The leaf angle distribution of natural plant populations: assessing the canopy with a novel software tool.

Müller-Linow M, Pinto-Espinosa F, Scharr H, Rascher U - Plant Methods (2015)

Error estimation. Surface zenith angles of artificial setups were measured with an inclinometer and compared to respective estimated leaf angles from stereo reconstruction. Estimation errors were quantified by the normalized root mean square error (NRMSE): artificial plant leaves (red) displayed a NRMSE of 2.5%; planarly-fixed sugar beet leaf in various orientations (blue) displayed a NRMSE of 4.6%. The dashed line indicates where angle estimates are known to be unreliable [27].
© Copyright Policy - open-access
Related In: Results  -  Collection

License 1 - License 2
Show All Figures
getmorefigures.php?uid=PMC4359433&req=5

Fig8: Error estimation. Surface zenith angles of artificial setups were measured with an inclinometer and compared to respective estimated leaf angles from stereo reconstruction. Estimation errors were quantified by the normalized root mean square error (NRMSE): artificial plant leaves (red) displayed a NRMSE of 2.5%; planarly-fixed sugar beet leaf in various orientations (blue) displayed a NRMSE of 4.6%. The dashed line indicates where angle estimates are known to be unreliable [27].
Mentions: We tested the accuracy of leaf angle estimation in two experiments. The first one uses an artificial plant with 8 green-colored flat leaves made form plywood which can be adjusted to any zenith angle. The second one employs a sugar beet leaf fixed on a flat surface, which could be oriented arbitrarily. Targets were imaged from nadir position (3.5 m distance) with two Canon EOS 5D Mark II (f=50 mm; b≈200 mm). We set the leaves of the artificial plant target to different zenith angles, such that most parts of each leaf were in camera view. Individual leaf angles were manually measured using a high resolution dual-axis digital inclinometer (Level Developments LD-2M). Inclination of the sugar beet leaf was manually changed and measured between each imaging step. Here we applied 7 different orientations. Images were processed using the target calibration pipeline. Leaves were segmented and fitted with a planar surface model. Figure 8 summarizes results for both tests. The deviation from the identity line was quantified for the accessible zenith angle interval [0°, 70°]. Steeper leaf parts are not well visible and thus do not give reliable angle estimates [27]. The normalized root mean square error (NRMSE) is approx. 2.5% for the artificial plant and approx. 4.6% for the fixed leaf. Moreover, we computed the sugar beet leaf area of all orientations and estimated the error using the normalized variation coefficient, which is approx. 2.8%. We do not observe a bias towards fronto-parallel surfaces well known for other stereo reconstruction approaches [61].Figure 8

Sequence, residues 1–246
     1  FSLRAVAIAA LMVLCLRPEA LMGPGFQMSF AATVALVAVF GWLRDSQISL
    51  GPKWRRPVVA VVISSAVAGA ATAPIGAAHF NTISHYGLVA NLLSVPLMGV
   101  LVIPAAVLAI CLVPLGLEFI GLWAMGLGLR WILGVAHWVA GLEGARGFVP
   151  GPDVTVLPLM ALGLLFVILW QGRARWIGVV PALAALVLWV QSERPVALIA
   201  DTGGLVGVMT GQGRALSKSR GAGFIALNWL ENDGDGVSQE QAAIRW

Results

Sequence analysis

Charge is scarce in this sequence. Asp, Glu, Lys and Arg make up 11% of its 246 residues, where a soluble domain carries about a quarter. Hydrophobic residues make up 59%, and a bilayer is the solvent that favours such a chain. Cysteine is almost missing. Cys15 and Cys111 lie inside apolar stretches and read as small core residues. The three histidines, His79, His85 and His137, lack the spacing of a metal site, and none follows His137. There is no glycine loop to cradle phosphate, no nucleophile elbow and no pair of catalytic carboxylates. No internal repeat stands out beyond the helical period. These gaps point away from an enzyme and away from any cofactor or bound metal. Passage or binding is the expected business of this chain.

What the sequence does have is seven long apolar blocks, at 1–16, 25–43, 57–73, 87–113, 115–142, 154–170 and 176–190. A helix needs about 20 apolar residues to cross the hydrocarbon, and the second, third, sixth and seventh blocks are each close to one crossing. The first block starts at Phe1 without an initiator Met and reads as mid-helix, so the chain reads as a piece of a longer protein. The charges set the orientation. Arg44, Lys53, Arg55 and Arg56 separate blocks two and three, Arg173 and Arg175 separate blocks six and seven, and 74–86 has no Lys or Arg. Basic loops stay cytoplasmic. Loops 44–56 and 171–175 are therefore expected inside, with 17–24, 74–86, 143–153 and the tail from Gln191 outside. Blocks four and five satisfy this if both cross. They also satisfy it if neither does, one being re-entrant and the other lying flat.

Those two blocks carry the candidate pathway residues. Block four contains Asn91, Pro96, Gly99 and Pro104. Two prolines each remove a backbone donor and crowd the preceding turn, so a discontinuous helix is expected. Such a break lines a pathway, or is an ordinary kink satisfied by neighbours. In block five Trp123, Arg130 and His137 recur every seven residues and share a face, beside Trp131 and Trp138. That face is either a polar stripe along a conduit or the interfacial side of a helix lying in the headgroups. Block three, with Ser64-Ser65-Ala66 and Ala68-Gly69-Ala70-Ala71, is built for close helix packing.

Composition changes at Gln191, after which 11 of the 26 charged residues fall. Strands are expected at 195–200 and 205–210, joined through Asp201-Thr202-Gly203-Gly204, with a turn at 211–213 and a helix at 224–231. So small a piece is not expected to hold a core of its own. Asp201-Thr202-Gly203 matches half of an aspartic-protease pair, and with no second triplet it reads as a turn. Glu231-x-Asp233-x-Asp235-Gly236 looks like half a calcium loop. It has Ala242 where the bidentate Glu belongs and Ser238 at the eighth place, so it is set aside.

Bottom Line: Based on the resulting surface meshes leaf angle statistics are computed on the whole-leaf level or from local derivations.In contrast nitrogen treatment had no effect on leaf angles.Our software package provides whole-leaf statistics but also a local estimation of leaf angles, which may have great potential to better understand and quantify structural canopy traits for guided breeding and optimized crop management.

View Article: PubMed Central - PubMed

Affiliation: Institute of Bio and Geosciences, IBG-2: Plant Sciences, Forschungszentrum Jülich GmbH, Wilhelm-Johnen-Str, Jülich, 52425 Germany.

ABSTRACT

Background: Three-dimensional canopies form complex architectures with temporally and spatially changing leaf orientations. Variations in canopy structure are linked to canopy function and they occur within the scope of genetic variability as well as a reaction to environmental factors like light, water and nutrient supply, and stress. An important key measure to characterize these structural properties is the leaf angle distribution, which in turn requires knowledge on the 3-dimensional single leaf surface. Despite a large number of 3-d sensors and methods only a few systems are applicable for fast and routine measurements in plants and natural canopies. A suitable approach is stereo imaging, which combines depth and color information that allows for easy segmentation of green leaf material and the extraction of plant traits, such as leaf angle distribution.

Results: We developed a software package, which provides tools for the quantification of leaf surface properties within natural canopies via 3-d reconstruction from stereo images. Our approach includes a semi-automatic selection process of single leaves and different modes of surface characterization via polygon smoothing or surface model fitting. Based on the resulting surface meshes leaf angle statistics are computed on the whole-leaf level or from local derivations. We include a case study to demonstrate the functionality of our software. 48 images of small sugar beet populations (4 varieties) have been analyzed on the base of their leaf angle distribution in order to investigate seasonal, genotypic and fertilization effects on leaf angle distributions. We could show that leaf angle distributions change during the course of the season with all varieties having a comparable development. Additionally, different varieties had different leaf angle orientation that could be separated in principle component analysis. In contrast nitrogen treatment had no effect on leaf angles.

Conclusions: We show that a stereo imaging setup together with the appropriate image processing tools is capable of retrieving the geometric leaf surface properties of plants and canopies. Our software package provides whole-leaf statistics but also a local estimation of leaf angles, which may have great potential to better understand and quantify structural canopy traits for guided breeding and optimized crop management.

No MeSH data available.